On the other side of the debate, proponents of using food in play highlight its educational and therapeutic benefits. They argue that it can be a cost-effective way for families and services to provide children with play materials, and that it can support children with food aversions or sensory issues. This exposure can lead to less food wastage overall as children become more familiar and comfortable with different foods, and are then more likely to eat the food they are served. 

Supporters also emphasise the inclusiveness of using food in play. They argue that it offers valuable learning experiences that children may not get at home, helping to develop a more rounded sensory and cognitive understanding. Additionally, food is biodegradable, taste-safe, and can often be reused, arguably presenting a more environmentally friendly option compared to synthetic materials and plastic toys.  

“Food is a valuable resource and essential for our existence,” shares CELA early education specialists and former preschool director Jannelle Gallagher. “One of the United Nations Sustainable Development Goals is ‘zero hunger’. Children and educators' intentional exploration of food requires thoughtful and purposeful actions. Providing play opportunities around food is essential for children to experience a range of healthy foods, learn about food choices, and explore the significance of food in culture.”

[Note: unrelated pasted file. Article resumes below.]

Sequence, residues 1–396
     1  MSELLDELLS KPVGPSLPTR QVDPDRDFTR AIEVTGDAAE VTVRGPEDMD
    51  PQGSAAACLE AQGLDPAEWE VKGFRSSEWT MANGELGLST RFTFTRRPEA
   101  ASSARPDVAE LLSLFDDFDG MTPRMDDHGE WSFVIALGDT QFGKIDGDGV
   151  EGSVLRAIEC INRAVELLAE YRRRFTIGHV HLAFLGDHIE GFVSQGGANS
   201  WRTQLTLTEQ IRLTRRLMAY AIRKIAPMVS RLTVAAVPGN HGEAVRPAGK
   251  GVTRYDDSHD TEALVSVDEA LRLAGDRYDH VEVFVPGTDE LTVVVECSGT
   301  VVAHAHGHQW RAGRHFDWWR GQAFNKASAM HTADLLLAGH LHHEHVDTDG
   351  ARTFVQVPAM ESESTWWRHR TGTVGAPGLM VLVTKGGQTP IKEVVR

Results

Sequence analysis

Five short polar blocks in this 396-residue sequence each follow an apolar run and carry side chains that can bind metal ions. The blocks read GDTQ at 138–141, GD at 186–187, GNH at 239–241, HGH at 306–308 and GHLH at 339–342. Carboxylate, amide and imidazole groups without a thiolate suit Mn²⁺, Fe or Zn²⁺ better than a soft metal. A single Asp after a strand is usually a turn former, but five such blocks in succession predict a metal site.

Jannelle suggests that meaningful food play experiences embrace intentionality and may include gardening and creating new recipes.

“In our preschool’s garden, we had an abundance of tomatoes and rosemary,” reflects Jannelle. “One child suggested we create rosemary and tomato soup. So, the experimentation began with taste testing the herbs and tomatoes and asking parents for tips on how to make soup. After several days spent researching, writing, planning, and working alongside the children, we were ready to prepare the soup together. It was delicious.” 

Striking a balance 

The Early Years Learning Framework V2.0 makes reference to food four times, talking about children's experiences with food, building an understanding of healthy foods, food choices, and the significance of food in every culture. 

It's clear that a balanced approach is needed. Early education settings should consider the cultural, economic social and environmental implications of using food in play, ensuring that practices are respectful, sustainable, and aligned with broader educational goals. Developing clear policies, educating staff, children and families about food waste, and exploring alternative materials can help reconcile the opposing viewpoints. 

Ultimately, the decision to use food in play should be based on thoughtful consideration of the ethical, cultural, and educational factors involved, ensuring that children's learning experiences are enriching, respectful, and environmentally responsible. 


United Nations Sustainable Development Goals

Early Childhood Australia: Ethics in Action practice tools

Further reading: 

Don't play with your food by Anne Peters for Amplify (2017)

CELA professional development relating to this topic


About CELA

Community Early Learning Australia is a not for profit organisation with a focus on amplifying the value of early learning for every child across Australia - representing our members and uniting our sector as a force for quality education and care.



Karen Kearns
Posted on 10 Apr, 2024
I think that there is a distinction between ‘playing’ with food (threading using dry pasta, vegetable printing, sensory bin with grains ect) and exploring food (cooking, growing, and talking about healthy foods). Food as a play material is wasteful, disrespects the issue of food security and sends confusing messages to children.